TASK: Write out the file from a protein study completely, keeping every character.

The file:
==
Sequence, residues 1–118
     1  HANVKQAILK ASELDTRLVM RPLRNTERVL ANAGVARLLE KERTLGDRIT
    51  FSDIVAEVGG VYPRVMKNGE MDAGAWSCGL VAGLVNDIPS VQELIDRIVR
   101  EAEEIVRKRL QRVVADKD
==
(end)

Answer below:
Sequence, residues 1–118
     1  HANVKQAILK ASELDTRLVM RPLRNTERVL ANAGVARLLE KERTLGDRIT
    51  FSDIVAEVGG VYPRVMKNGE MDAGAWSCGL VAGLVNDIPS VQELIDRIVR
   101  EAEEIVRKRL QRVVADKD